Article

Comparative Tuberculosis (TB) Prevention Effectiveness in Children of Bacillus Calmette-Guérin (BCG) Vaccines from Different Sources, Kazakhstan

University of Otago, New Zealand
PLoS ONE (Impact Factor: 3.23). 03/2012; 7(3):e32567. DOI: 10.1371/journal.pone.0032567
Source: PubMed

ABSTRACT

Except during a 1-year period when BCG vaccine was not routinely administered, annual coverage of infants with Bacillus Calmette-Guérin (BCG) in Kazakhstan since 2002 has exceeded 95%. BCG preparations from different sources (Japan, Serbia, and Russia) or none were used exclusively in comparable 7-month time-frames, September through March, in 4 successive years beginning in 2002. Our objective was to assess relative effectiveness of BCG immunization.
We compared outcomes of birth cohorts from the 4 time-frames retrospectively. Three cohorts received vaccine from one of three manufacturers exclusively, and one cohort was not vaccinated. Cohorts were followed for 3 years for notifications of clinical TB and of culture-confirmed TB, and for 21 months for TB meningitis notifications. Prevention effectiveness based on relative risk of TB incidence was calculated for each vaccinated cohort compared to the non-vaccinated cohort. Although there were differences in prevention effectiveness observed among the three BCG vaccines, all were protective. The Japanese vaccine (currently used in Kazakhstan), the Serbian vaccine, and the Russian vaccine respectively were 69%, 43%, and 22% effective with respect to clinical TB notifications, and 92%, 82%, and 51% effective with respect to culture confirmed TB. All three vaccines were >70% effective with respect to TB meningitis.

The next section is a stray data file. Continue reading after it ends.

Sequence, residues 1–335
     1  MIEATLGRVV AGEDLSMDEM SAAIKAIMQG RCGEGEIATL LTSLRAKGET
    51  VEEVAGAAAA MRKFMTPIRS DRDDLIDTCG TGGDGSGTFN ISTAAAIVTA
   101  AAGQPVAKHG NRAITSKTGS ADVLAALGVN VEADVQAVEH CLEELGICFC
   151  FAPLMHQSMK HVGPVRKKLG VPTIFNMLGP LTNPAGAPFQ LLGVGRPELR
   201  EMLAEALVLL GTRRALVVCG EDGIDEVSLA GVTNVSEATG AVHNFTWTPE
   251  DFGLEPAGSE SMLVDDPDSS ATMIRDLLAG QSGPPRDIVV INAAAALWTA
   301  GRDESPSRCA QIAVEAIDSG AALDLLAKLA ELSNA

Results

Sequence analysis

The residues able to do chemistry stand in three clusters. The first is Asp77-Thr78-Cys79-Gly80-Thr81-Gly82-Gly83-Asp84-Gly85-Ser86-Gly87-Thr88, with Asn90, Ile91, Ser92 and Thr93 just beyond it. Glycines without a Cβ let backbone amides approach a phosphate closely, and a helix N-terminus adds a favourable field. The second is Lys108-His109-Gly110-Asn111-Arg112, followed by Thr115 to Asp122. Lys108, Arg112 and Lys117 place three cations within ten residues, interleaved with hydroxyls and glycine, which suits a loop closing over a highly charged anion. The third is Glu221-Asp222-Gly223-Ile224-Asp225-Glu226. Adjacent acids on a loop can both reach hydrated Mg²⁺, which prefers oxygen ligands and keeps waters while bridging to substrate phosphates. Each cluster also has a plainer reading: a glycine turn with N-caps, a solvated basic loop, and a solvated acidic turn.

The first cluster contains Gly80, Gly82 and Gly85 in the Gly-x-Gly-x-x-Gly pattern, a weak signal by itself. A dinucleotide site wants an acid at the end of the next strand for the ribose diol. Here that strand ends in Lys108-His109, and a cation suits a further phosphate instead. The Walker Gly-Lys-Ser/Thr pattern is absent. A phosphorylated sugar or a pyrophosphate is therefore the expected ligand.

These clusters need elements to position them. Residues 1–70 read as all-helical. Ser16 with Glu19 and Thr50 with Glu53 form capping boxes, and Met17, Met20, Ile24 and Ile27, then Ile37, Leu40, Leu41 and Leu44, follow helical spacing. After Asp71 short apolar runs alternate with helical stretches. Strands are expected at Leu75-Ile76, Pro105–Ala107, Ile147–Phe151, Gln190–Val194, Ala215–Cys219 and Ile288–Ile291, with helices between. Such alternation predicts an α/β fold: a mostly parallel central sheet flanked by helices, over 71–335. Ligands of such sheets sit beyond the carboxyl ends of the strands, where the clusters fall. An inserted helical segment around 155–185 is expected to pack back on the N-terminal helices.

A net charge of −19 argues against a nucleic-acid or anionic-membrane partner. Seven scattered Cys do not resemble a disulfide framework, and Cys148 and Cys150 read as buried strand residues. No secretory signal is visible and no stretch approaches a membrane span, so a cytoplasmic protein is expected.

Potential limitations included considerations that 1) the methodology used was retrospective, 2) multiple risk factors could have varied between cohorts and affected prevention effectiveness measures, 3) most cases were clinically diagnosed, and TB culture-positive case numbers and TB meningitis case numbers were sparse, and 4) small variations in reported population TB burden could have affected relative risk of exposure for cohorts.
All three BCG vaccines evaluated were protective against TB, and prevention effectiveness varied by manufacturer. When setting national immunization policy, consideration should be given to prevention effectiveness of BCG preparations.

Download full-text

Full-text

Available from: Paul E Kilgore
  • [Show abstract] [Hide abstract]
    ABSTRACT: The past decade has witnessed a tremendous increase in the development of novel vaccines against tuberculosis (TB). In mice, each of these vaccine candidates stimulates an immune response that reduces the bacillary load, reflecting control but not sterilization of infection. Yet, the immune mechanisms underlying vaccine efficacy are only partially understood. In parallel to clinical assessment of current candidates, the next generation of vaccine candidates still needs to be developed. This requires basic research on how to induce the most efficacious immune response. Equally important is the dissection of immune responses in patients, latently infected healthy individuals, and participants of clinical vaccine trials. Amalgamation of this information will foster the way towards more efficacious vaccination strategies that not only prevent disease, but prevent or abolish infection.
    No preview · Article · May 2012 · Trends in Immunology
  • Source
    [Show abstract] [Hide abstract]